dose equivalent

(redirected from dose equivalents)
Also found in: Dictionary, Encyclopedia.
Related to dose equivalents: absorbed dose, effective dose

dose e·quiv·a·lent

(dōs ē-kwiv'ă-lĕnt)
In radiation therapy, product of absorbed dose and the quality factor; the SI unit of dose equivalent is sievert (Sv).
Medical Dictionary for the Health Professions and Nursing © Farlex 2012

dose equivalent

In radiology, the product of the absorbed dose and the quality factor. Expressed in rems or sieverts, it measures the effects of absorbing different types of radiation. See: quality factor
See also: equivalent
Medical Dictionary, © 2009 Farlex and Partners
References in periodicals archive ?
Calibration curve for MTS-6 thermoluminescent detector describing the relationship between the dose equivalent (H) and impulses received after detector's readout
Calculated dose equivalent rates and the assessed thermoluminescent detectors (TLD) exposure time in the paraffin block containing a [sup.239]Pu-Be source Dose equivalent rate Detectors [Sv/h] exposure time [h] 0.044 [+ or -] 0.001 72 0.087 [+ or -] 0.002 144 0.146 [+ or -] 0.004 240 0.293 [+ or -] 0.007 480 [sup.239]Pu-Be--plutonium and beryllium.
The count rate (R.), deviations from mean count rate ([DELTA]R), dose equivalent (D;), deviations from mean dose equivalent ([DELTA]D) and percentage deviations from mean (%[DELTA]) for the 10 locations of the college campus environment are displayed in Table 1.
The highest dose equivalent is 0.81[+ or -]0.19 mSv/yr (18.50[+ or -] 4.30 cpm) measured at Bakana while the lowest value is 0.57[+ or -]0.16 mSv/yr (13.04[+ or -]3.61 cpm) occurring at Ke community.
For the industrial areas of the state (Tables 4 and 5) (Avwiri and Ebeniro 2002), we have computed the dose equivalent (Table 6) to afford easy comparison of the data for the three sub environments of the state.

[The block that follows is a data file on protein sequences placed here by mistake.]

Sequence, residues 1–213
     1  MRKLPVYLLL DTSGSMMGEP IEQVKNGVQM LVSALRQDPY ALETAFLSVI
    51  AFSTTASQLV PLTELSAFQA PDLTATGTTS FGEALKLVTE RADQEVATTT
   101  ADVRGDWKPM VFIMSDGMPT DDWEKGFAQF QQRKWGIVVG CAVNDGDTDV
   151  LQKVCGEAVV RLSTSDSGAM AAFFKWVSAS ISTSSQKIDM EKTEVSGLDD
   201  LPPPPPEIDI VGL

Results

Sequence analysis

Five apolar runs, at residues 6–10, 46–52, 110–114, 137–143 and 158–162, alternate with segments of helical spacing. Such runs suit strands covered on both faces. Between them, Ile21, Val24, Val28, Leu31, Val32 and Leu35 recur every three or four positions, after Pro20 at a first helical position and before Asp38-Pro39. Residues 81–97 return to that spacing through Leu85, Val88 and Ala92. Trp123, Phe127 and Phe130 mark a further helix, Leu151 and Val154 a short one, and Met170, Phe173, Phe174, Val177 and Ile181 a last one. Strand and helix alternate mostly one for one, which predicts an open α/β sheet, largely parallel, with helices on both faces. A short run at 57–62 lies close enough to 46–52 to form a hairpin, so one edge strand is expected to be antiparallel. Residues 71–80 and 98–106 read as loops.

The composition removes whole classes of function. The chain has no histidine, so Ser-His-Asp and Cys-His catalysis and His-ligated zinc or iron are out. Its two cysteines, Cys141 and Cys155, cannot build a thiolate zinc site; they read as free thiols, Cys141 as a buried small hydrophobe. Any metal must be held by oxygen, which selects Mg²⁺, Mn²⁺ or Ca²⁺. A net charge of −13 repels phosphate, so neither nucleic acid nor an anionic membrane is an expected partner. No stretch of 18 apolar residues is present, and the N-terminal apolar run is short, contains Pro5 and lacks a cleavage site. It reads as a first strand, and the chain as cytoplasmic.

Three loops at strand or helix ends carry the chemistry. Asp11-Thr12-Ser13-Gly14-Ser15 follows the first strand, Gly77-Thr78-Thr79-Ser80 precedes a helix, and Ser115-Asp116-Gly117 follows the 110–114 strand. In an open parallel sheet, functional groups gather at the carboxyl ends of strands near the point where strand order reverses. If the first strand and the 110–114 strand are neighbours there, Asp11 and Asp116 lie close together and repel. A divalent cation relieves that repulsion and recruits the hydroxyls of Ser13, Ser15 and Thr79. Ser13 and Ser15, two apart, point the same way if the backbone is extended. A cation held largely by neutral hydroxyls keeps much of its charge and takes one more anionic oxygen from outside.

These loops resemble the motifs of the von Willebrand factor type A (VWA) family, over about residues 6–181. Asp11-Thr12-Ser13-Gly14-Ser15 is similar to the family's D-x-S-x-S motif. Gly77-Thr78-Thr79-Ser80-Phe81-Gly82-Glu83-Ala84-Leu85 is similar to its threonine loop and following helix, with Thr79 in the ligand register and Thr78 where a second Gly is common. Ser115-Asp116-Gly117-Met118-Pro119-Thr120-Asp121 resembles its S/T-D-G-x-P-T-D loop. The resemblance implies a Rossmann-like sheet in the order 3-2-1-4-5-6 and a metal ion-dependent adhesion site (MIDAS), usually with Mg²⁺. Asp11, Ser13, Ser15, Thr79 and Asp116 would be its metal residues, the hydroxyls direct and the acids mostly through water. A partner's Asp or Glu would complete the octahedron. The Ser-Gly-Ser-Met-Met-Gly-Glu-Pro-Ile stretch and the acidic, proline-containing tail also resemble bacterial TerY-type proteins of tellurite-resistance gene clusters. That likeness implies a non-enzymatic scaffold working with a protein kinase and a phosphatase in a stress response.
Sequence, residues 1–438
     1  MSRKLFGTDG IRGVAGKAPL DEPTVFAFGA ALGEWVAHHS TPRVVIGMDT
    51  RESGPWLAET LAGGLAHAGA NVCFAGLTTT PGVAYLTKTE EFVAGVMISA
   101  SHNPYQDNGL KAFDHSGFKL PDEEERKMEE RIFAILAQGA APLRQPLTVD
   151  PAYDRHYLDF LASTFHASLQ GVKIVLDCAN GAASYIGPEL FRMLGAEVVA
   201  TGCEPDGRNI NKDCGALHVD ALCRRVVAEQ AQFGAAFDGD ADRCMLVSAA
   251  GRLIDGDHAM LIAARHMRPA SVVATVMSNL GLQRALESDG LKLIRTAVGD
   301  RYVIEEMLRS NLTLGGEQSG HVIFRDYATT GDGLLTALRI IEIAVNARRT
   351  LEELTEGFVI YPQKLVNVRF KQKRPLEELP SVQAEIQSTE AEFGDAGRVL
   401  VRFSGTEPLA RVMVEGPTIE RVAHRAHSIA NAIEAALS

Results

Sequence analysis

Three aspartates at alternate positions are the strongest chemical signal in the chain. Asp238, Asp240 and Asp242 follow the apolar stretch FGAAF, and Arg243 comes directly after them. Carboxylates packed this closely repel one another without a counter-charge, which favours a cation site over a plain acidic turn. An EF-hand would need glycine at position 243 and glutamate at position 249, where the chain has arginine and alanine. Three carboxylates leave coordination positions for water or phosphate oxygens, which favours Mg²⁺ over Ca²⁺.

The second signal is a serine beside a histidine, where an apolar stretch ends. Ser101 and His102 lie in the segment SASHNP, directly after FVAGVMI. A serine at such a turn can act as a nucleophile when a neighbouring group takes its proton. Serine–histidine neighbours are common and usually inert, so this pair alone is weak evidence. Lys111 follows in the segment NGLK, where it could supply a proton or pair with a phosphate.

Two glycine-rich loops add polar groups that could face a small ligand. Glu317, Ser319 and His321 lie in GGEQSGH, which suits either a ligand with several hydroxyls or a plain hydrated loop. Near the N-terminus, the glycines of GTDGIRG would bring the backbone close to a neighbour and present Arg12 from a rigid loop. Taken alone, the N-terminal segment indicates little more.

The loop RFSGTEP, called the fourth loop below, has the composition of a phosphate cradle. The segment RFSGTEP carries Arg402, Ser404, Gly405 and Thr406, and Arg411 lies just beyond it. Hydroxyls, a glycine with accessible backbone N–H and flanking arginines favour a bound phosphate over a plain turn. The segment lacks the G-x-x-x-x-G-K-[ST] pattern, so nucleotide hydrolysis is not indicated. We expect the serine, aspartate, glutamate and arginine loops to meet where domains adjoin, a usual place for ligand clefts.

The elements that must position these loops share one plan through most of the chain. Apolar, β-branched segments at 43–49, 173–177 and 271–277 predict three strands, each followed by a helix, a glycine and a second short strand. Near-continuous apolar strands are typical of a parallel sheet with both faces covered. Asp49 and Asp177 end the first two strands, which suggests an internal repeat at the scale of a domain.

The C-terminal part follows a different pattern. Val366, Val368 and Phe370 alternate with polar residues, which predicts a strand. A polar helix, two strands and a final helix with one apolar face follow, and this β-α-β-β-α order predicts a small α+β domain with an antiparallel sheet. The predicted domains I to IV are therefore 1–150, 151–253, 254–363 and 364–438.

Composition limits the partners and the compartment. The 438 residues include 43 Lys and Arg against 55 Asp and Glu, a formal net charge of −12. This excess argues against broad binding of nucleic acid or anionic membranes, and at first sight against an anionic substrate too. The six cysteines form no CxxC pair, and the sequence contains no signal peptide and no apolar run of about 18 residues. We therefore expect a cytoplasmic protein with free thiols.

Comparing the data for the three sub-environments, we find that the highest dose equivalent of 1.332[+ or -] 0.076 mSv/yr occurs in the industrial zone while the lowest value of 0.57[+ or -]0.16 mSv/yr occurs in the rural riverine sub environment.
Count rate (R), dose equivalent (D), deviations from mean count rate (AR) and dose equivalent (AD) and percentage deviation from mean (%A) for various locations (upland college campus environment).
We calculated MOEs by taking the ratio of the point of departure, chlorpyrifos's BM[D.sub.10], to the estimated minimum, average, and maximum single-day cumulative dose equivalents (Figure 2).
Table 4 presents summary statistics for average cumulative OP pesticide dose equivalents derived from three spot urine samples.
Because urine samples were variable and uncorrelated between sampling periods, we present the women's estimated minimum and maximum single-day cumulative dose equivalents in addition to their average cumulative dose equivalent (Figure 2).
We found that 14.8% of estimated cumulative dose equivalents exceeded the index chemical's BM[D.sub.10] divided by a 100-fold uncertainty factor (14.8 [micro]g/kg/day).
We calculated MOEs for the estimated minimum, average, and maximum single-day cumulative dose equivalents. Figure 2 presents a range of MOEs at various percentiles on a logarithmic scale.